Every time I sat down to write about RSA, all that kept running through my head was - ‘rock, scissors, ambush’ (I’m an Aussie and this is my family’s version of ‘rock, paper, scissors’). Eventually, I decided to entertain the idea that the two could be related somehow and found myself actually drawing some pretty funny parallels.
Before I dive in, I know a lot of you are probably wondering what is up with the ‘ambush’? It was a move I used to pull on my siblings when I wanted to put an end to the game (usually because I was losing). As they drew their choice, I’d hook my foot around the back of their leg and give them a heartfelt nudge in the opposite direction to claim victory.
So what does this game have to do with the cybersecurity industry?
The Rocks: The tried and tested solutions that continue to serve as a staple in the enterprise security stack. These giants continue to survive the onslaught of competition. They do innovate, but it’s usually by collecting or adding other ‘rocks’ to their existing suite. Their advantage? They simplify things for enterprises. There is some pretty cool stuff happening within older categories like network - particularly with deception technology.
The Scissors: These are the guys that like to take pieces of technology and ideas to create their own unique product - fitting them together like a puzzle. Their advantage is that they often address a flaw in current solutions.
Then, the Ambush: Those that ambush are the ones going where no one has gone before - throwing out the rulebook to come up with completely new ways to tackle cybersecurity. These are the ones that have the highest success to failure rate. But when they win, they usually win pretty big - I’m led to believe they turn into unicorns.
Despite the different approaches, every vendor serves a critical purpose in the industry. Today’s threat landscape is terrifying. While it’s true cyber risks are relative across different categories, at the end of the day a risk is still a risk. Any type of cyberattack could cost companies direct or indirect financial loss and business upheaval. This is what makes cybersecurity one of most competitive industries today. And this comes out in full force at RSA.
So how can vendors change things up to stand out to today’s customers?
While I may have skin in the game, a lot of vendors fall short in their approach to their brand communications. One of the biggest issues is that they’re failing to consider the customer’s experience from the big picture. Here are three things vendors need to think about to connect with today’s customer.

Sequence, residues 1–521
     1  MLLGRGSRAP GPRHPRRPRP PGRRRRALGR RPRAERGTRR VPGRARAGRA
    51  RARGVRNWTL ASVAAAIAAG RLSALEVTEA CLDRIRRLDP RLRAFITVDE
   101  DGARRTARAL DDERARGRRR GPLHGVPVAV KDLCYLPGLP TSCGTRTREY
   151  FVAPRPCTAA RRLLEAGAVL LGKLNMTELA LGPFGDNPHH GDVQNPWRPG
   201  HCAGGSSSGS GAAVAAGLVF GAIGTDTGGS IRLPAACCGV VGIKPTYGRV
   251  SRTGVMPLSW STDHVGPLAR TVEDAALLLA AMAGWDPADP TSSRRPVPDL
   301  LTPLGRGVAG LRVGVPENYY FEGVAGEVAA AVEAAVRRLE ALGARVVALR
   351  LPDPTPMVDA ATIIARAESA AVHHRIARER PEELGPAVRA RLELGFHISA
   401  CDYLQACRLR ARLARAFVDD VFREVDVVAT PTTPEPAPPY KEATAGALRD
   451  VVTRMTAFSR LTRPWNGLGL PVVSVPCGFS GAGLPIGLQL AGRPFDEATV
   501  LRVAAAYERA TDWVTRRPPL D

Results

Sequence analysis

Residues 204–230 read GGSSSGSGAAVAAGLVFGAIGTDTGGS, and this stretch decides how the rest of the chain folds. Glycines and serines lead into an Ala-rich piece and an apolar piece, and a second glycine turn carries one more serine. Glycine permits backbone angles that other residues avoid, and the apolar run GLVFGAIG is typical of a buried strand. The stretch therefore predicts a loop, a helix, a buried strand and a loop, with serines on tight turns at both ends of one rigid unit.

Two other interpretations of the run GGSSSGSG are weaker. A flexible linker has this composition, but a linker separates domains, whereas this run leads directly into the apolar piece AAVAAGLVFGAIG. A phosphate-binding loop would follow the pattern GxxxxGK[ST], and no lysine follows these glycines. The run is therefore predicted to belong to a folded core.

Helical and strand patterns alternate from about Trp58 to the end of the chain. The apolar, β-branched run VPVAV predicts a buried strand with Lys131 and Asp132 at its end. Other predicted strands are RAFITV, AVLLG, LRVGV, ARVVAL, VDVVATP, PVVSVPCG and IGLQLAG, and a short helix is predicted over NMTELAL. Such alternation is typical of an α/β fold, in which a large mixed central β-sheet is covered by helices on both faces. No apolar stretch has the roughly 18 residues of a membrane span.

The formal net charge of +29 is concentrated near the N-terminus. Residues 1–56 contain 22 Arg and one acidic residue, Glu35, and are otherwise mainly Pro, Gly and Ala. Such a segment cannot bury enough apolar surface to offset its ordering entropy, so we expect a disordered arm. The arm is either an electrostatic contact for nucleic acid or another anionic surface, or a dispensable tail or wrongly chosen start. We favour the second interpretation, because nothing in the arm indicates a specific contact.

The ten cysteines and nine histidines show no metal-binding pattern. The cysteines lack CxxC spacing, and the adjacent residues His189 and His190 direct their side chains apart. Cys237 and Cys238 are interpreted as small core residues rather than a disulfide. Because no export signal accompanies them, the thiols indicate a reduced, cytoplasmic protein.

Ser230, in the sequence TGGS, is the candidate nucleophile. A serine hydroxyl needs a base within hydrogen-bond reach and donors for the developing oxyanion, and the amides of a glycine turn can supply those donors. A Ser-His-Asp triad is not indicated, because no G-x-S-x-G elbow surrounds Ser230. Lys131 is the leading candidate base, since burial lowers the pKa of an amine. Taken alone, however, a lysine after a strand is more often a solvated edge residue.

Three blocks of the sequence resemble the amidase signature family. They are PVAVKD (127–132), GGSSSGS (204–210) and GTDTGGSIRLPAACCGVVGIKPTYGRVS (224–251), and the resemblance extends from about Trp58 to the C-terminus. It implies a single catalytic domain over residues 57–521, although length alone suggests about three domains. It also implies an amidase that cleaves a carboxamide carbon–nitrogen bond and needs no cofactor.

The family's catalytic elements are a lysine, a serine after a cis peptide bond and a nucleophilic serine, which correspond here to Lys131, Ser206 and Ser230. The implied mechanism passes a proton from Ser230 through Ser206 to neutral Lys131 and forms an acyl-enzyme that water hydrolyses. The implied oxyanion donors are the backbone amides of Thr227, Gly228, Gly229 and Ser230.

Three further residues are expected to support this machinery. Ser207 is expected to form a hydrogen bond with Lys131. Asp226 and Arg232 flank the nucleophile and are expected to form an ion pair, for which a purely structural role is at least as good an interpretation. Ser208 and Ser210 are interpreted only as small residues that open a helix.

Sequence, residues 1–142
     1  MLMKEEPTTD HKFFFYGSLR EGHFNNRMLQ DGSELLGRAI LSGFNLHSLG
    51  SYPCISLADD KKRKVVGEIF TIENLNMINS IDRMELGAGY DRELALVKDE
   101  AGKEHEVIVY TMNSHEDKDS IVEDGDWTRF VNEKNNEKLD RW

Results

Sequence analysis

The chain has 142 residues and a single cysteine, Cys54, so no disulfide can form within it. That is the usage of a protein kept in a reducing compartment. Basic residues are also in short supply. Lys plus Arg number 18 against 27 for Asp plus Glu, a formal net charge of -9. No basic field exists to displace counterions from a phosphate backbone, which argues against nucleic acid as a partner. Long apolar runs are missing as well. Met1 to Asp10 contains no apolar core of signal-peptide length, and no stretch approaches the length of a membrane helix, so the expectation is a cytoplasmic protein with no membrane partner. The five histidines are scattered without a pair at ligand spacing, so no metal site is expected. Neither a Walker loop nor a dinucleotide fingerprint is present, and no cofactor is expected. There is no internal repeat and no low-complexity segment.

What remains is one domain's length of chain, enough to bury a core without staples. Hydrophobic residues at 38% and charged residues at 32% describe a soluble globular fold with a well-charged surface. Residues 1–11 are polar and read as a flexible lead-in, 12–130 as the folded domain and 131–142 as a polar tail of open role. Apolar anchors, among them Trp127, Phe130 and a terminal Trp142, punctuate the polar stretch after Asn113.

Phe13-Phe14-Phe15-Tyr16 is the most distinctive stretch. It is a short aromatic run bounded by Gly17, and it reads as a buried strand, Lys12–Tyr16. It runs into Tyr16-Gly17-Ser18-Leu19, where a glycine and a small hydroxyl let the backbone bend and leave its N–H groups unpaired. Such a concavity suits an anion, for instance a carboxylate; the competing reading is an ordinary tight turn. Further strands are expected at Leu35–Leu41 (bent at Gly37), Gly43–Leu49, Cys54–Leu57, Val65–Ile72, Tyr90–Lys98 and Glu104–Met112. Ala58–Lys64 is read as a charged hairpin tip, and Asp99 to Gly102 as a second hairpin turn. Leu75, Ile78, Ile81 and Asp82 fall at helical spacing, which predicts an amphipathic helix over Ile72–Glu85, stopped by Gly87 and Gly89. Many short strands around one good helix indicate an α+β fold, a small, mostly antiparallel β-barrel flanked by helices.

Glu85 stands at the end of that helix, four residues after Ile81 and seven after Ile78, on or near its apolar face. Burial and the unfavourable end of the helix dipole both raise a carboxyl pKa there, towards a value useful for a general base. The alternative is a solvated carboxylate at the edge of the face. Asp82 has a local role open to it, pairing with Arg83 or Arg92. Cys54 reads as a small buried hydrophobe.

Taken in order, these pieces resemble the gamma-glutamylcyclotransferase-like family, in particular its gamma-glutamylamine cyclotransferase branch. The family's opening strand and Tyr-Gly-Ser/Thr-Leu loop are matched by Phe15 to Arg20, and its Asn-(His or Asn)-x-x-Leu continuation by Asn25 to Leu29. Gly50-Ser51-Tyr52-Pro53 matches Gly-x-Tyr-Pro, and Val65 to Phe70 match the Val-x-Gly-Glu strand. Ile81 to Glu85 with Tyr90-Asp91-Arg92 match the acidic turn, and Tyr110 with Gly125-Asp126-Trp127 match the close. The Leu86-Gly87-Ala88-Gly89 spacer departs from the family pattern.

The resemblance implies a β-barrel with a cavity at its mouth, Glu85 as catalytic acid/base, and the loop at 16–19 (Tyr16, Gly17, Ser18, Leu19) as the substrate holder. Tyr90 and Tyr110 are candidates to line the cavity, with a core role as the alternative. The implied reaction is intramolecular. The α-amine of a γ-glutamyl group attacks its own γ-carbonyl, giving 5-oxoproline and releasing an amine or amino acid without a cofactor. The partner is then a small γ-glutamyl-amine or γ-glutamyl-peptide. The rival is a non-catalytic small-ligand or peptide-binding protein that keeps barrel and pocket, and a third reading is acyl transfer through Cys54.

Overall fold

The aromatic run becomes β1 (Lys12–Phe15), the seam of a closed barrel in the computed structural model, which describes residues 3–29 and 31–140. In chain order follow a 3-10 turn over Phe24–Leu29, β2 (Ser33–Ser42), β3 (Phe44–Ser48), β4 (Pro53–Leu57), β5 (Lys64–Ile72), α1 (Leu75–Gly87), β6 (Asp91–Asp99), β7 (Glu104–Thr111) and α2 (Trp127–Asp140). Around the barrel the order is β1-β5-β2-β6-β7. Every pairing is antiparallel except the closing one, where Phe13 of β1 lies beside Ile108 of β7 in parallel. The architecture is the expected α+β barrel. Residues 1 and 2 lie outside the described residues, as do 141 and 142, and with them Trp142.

1. Be in the business of marketing to people, not advanced robots
The technical fine print is important, but information overload today is real and overwhelming. If you know your customer, you know they are time poor, under immense pressure, and although they may stay up-to-date on the latest tech trends, they likely only know basic terminology. If you flood your prospects with a ton of product options, technical jargon, and new terms you’ve coined to carve out your own niche, you’re probably going to lose them. In a recent survey of more than 600 B2B buyers, it was revealed that piling on more information and options can drive down sales by as much as 18%. Competitive differentiation is important, but you need to strike a balance.
2. Demonstrate technology leadership through business vision
Customers want to buy into companies dedicated to solving their problems for today and tomorrow. So demonstrate vision and leadership beyond your website, to set yourself apart. With the right platform, CEOs can have a huge influence on building a company’s leadership. In addition, the c-suite can also play a big role in building brand reputation - such as using your HR lead to talk about your own business values around culture and talent. This gives your organization a face and a personality.
3. If you talk the talk, you need to walk the walk
With so much marketing hype, customers are increasingly looking to other sources to validate claims. While participating in cybersecurity reviews can take a lot of legwork, they are the number one content type that B2B buyers consume to make purchasing decisions - nearly 99%. This is followed by articles and blog posts (92%), webinars (80%) and case studies (72%). Consider all of the different content types that can help people understand what problem you are trying to solve.